Far Away is our first “traditional” board game. Most of our titles are narrative-driven games. We strongly feel there isn’t an explicit line between the two genres. Games tell stories: every session creates a small world. That feeling is made explicit in Far Away, as the players must feel each world is unique. In this medium, the players have the unique opportunity to reinterpret each permutation of cards and hexes. Far Away’s creatures are the focal point for this novel storytelling.
Let’s examine some Far Away creatures.
The text on the cards gives the players room to interpret creature behavior. The Iratus Walker “Strongly prefers to stay in swamp water” and “leaves water for larger prey.” It’s also an “opportunisitic” “carnivore” that prefers to be alone. We have an idea in our head of how that creature acts, though the specifics may vary person to person. The other creatures in the world help define this alien. If the Iratus is the apex predator, then it might be more eager to hunt. If larger beasts lurk on land, it may be content to wait for prey to enter its swamp.
Here’s the real question: what does the Iratus do when it encounters a player? In the abstract, we’d probably all say it tries to eat the player. In practice, when it’s your avatar about to get chomped, we may find a dozen loopholes in that text to save us. This creates an interesting design dilemma. How do we make force negative consequences while maintaining flexible storytelling?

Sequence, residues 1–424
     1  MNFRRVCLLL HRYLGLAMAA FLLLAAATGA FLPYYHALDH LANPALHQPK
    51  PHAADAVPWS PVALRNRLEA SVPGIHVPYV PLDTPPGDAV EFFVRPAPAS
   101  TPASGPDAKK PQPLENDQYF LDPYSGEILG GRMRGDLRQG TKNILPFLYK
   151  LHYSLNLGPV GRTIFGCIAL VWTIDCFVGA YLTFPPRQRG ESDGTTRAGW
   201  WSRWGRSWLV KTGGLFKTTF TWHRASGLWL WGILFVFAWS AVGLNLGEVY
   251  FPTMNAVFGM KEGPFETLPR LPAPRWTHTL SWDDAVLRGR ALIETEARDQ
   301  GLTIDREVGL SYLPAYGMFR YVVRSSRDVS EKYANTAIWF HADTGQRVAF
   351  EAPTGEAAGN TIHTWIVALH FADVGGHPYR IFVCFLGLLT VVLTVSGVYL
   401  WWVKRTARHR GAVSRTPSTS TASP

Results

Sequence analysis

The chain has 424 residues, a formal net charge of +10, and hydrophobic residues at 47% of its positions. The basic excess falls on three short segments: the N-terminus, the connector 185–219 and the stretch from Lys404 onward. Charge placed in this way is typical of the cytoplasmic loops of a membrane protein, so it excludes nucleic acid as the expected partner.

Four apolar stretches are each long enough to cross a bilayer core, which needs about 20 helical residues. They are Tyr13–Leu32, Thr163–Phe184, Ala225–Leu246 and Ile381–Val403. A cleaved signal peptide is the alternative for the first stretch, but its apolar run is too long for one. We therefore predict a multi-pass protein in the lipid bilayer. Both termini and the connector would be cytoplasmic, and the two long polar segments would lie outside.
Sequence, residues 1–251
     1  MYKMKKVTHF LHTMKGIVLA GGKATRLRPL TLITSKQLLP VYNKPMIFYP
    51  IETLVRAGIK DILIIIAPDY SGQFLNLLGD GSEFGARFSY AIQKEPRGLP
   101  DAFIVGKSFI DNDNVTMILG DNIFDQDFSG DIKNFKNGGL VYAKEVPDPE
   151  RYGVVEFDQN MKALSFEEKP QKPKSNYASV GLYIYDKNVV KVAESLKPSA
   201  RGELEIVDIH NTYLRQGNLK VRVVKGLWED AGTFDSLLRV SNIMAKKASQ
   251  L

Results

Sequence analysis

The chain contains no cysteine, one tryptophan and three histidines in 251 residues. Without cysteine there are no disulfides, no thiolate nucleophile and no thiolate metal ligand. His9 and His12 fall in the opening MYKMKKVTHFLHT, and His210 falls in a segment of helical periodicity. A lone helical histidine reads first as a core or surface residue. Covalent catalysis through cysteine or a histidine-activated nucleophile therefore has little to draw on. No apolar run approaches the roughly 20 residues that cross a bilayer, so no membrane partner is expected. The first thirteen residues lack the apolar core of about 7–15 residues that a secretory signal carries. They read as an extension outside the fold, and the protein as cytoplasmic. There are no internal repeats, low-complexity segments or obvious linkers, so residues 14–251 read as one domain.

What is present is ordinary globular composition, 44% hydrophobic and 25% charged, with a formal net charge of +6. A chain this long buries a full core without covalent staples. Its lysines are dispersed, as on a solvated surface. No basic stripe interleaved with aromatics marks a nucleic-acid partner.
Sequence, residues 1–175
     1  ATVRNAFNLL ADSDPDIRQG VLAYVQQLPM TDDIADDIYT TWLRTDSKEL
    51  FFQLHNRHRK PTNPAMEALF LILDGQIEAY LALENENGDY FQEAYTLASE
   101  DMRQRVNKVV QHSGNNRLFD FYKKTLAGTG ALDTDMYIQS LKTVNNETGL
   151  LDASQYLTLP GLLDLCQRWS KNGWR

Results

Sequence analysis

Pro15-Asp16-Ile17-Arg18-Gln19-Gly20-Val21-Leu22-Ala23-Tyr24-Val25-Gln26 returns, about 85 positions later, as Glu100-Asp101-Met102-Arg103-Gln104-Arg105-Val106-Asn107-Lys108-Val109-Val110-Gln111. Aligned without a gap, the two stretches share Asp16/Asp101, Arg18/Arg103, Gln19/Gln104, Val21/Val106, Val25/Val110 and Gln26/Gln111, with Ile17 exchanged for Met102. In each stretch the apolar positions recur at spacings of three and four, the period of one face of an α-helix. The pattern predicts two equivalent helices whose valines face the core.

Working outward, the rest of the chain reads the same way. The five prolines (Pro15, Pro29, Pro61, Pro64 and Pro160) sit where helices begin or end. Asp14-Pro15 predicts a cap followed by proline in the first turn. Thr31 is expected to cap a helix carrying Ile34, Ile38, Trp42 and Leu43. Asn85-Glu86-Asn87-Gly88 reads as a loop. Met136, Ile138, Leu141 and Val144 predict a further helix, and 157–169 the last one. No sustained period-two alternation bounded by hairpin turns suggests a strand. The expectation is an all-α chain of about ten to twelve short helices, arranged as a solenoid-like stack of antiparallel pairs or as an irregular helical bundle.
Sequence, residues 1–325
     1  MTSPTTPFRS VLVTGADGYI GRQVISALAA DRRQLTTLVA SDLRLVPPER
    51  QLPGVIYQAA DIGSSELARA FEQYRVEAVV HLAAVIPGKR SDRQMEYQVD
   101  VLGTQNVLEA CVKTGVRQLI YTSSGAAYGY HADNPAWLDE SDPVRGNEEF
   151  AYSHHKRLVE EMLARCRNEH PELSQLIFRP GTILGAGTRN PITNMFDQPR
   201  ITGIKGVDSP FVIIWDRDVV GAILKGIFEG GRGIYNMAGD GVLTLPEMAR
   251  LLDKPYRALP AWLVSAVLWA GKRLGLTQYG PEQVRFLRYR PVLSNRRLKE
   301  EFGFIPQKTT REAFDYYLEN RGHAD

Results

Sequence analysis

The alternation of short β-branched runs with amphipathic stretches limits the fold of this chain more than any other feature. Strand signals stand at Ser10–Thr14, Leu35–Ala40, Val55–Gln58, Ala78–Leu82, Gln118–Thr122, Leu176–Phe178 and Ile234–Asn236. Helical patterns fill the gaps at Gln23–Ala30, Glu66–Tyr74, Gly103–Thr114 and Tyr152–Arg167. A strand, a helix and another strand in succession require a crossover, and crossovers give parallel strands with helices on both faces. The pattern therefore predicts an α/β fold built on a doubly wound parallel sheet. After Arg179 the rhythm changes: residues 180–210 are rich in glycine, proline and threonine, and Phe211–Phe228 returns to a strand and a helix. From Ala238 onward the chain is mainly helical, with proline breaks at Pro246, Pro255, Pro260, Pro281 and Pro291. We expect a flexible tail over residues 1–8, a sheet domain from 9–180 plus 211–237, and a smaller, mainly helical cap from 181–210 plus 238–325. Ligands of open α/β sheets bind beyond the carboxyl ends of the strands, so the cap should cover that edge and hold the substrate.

The vast majority of our Far Away feedback is about these creatures. It’s split down the middle. Some players love the control they get to tell the planet’s story. Others would like more guidance to force them to make hard choices. We try to be player-driven in our design and responsive to feedback, so it’s a quandary to have two equally liked and valid outcomes. We have two paths forward: find a perfect compromise or have two systems.
The Domina Solis and Caulis Canis are two of the creatures players seem to control more “fairly”. The Iratus Walker and Praetor Vacca seem to be harder for players to make consistent choices about. There may be a way to code the language and give enough clear instruction to force players’ hands without compromising the idiosyncrasies that crop up in a game. We want people to create their own behavior flowchart as they play and internalize it. That way, you can handle and encourage moments of chaos. What happens when a herd of Praetors is fleeing from a Domina and walk into an Iratus’s swamp while a Canis and a player are one hex away?
Right now, you’d answer that question through intuition. Some players relish the opportunity to infuse their personality into that scenario. But what if we included a system to answer that decisively? Maybe some choice dice or a separate bestiary explaining in-depth behavior. If we made these systems optional, we could preserve the narrative-driven players’ experiences while helping those who need guidance. The downside of two systems? Ignoring extra cost, it adds confusion. What’s the “correct” way to play?
Next Sunday, we’re delving into creature design solutions more. CPG is doing a Kickstarter Live stream. Stay tuned for the time details. Bring your thoughts about creatures and other design decisions.